More than 16 million adults in the USA had at least one major depressive episode within the last year. The World Health Organization estimates that 300 million people worldwide experience ongoing depression, making it the leading cause of disability in the world. Mental health experts say depression is treatable. The problem is, only about half of those who are dealing with symptoms seek out treatment. Depression can be triggered by circumstances or it may be an ongoing condition, and it can negatively affect the physical body as well as one's thought processes and day-to-day life.
Distinguishing between a situational case of the blues and an ongoing depressive disorder is important. When they happen occasionally, sadness, grief, anxiety, guilt, or irritability are normal human emotions. A few sleepless nights, an occasional loss of appetite, or a lack of motivation is also not unusual for most adults. But if the unhappy emotions continue or interfere with the ability to perform day-to-day activities, these are symptoms of a depressive disorder. Recurring symptoms or symptoms that last longer than a few days could indicate a depressive condition that requires medical intervention.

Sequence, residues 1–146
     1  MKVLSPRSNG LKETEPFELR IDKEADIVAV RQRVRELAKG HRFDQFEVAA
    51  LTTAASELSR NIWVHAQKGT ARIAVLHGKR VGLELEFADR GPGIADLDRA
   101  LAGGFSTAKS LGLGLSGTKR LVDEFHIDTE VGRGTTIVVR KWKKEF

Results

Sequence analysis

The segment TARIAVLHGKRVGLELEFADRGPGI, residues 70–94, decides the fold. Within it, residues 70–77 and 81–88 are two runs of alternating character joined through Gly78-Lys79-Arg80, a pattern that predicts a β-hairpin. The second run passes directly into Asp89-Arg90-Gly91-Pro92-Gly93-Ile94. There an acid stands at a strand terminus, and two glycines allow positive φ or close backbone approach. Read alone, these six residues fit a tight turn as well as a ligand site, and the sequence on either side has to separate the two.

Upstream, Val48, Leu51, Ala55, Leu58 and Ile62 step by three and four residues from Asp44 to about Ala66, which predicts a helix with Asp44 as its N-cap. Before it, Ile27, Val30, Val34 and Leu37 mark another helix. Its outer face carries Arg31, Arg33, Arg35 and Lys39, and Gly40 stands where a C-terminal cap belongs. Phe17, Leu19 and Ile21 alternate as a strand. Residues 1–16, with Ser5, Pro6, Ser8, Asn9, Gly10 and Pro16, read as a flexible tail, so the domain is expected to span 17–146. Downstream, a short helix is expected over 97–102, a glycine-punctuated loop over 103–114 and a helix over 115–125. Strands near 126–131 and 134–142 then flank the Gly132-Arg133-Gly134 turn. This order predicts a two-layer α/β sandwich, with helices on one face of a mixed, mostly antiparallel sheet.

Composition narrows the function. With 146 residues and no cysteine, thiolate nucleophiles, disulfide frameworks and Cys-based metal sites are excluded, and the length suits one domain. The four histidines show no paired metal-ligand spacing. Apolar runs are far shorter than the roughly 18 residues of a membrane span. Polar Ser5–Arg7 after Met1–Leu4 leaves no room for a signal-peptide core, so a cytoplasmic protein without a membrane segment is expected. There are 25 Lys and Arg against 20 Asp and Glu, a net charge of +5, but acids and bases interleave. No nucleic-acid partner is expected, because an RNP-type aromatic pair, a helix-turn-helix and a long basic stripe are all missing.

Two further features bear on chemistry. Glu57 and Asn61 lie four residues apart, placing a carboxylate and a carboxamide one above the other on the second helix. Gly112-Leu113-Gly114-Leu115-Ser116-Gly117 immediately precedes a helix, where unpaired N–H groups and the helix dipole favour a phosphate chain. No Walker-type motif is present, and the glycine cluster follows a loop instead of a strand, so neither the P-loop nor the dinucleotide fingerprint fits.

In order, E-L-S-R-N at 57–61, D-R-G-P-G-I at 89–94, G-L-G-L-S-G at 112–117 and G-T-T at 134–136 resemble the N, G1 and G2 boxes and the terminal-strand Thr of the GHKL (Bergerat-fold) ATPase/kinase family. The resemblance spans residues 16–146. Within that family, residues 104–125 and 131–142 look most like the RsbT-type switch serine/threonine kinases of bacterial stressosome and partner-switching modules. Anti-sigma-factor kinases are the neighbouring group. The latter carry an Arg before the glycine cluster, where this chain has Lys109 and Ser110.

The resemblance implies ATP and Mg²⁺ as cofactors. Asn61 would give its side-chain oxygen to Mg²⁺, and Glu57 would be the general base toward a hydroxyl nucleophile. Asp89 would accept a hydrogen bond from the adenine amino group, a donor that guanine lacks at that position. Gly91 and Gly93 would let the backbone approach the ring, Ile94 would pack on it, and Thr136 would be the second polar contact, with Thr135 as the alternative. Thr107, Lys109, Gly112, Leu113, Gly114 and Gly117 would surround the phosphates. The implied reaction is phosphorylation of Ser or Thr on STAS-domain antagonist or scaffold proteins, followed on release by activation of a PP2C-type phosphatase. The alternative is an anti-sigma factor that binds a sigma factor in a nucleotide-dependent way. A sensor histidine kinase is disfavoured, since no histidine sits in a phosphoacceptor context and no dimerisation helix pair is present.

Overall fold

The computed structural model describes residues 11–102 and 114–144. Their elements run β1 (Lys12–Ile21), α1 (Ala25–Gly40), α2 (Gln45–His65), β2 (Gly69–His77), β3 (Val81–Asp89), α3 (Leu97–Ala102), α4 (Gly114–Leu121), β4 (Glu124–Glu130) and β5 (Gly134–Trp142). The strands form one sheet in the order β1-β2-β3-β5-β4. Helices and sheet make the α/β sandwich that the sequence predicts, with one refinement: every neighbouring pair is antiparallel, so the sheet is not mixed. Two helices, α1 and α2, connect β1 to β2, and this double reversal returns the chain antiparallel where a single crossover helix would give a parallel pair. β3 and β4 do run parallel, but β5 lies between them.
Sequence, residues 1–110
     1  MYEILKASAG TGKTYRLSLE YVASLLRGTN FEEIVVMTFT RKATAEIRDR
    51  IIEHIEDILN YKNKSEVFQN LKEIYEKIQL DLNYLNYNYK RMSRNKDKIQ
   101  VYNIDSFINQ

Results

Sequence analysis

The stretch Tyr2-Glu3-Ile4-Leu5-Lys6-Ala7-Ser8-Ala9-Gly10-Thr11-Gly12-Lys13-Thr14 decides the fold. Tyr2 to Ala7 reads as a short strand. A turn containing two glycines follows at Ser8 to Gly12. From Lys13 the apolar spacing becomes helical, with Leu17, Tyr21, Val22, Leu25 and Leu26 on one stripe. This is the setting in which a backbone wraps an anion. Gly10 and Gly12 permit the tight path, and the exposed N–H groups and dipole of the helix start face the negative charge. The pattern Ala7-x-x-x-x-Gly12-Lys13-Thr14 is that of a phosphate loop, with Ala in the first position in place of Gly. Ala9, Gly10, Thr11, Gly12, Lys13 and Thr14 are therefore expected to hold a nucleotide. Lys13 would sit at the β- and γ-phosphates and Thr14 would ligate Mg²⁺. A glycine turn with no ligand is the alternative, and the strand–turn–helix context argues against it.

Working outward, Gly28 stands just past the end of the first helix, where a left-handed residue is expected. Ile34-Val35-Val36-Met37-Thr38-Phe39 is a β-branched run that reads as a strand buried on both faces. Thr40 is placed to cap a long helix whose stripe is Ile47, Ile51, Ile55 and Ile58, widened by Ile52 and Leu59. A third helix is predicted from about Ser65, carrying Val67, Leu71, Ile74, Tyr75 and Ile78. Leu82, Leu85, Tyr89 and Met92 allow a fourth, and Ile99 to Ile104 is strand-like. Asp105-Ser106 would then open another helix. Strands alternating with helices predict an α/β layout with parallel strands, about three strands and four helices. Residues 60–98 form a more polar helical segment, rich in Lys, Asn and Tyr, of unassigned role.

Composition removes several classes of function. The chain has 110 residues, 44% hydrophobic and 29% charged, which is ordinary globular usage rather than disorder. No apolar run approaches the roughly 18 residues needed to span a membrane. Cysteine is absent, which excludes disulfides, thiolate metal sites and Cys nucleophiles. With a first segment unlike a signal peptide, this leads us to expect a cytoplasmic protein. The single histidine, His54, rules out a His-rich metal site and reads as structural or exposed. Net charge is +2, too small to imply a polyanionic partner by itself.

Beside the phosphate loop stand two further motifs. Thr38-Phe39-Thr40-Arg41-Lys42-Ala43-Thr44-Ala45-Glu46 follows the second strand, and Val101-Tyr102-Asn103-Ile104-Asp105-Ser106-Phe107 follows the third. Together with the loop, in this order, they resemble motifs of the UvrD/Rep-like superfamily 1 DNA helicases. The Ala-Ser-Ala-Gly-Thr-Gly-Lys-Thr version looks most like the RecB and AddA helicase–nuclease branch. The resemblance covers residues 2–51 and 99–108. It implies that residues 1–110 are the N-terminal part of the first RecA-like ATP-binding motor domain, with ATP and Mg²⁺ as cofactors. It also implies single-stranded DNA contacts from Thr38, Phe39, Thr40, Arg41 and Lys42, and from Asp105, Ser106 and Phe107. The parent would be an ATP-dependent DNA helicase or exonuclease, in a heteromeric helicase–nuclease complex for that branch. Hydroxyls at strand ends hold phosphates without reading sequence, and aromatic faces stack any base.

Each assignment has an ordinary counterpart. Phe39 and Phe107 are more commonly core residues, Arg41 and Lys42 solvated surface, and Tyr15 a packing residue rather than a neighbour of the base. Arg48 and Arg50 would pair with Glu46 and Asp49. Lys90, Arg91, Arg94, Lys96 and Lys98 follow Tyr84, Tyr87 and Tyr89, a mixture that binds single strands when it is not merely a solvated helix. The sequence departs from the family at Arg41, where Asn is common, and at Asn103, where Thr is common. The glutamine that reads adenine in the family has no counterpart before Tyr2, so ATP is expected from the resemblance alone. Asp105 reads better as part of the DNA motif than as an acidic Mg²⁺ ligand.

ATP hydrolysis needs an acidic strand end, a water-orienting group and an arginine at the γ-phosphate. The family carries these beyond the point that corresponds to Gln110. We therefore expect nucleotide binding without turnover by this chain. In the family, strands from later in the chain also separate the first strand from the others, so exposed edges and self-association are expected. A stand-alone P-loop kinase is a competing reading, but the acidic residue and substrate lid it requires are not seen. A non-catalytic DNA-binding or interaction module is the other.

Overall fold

Turning to alcohol or recreational drugs to alleviate depression is not a viable method of dealing with symptoms. Despite an immediate feeling of well-being, these are temporary fixes that could cause symptoms to worsen. Over-the-counter medications and natural supplements promoted as treatments for psychiatric issues may temporarily relieve symptoms. However, the long-term benefits are unknown, and they may mask serious symptoms. Self-medicating is not a substitute for an accurate diagnosis and medical intervention if the diagnosis indicates an ongoing depressive condition.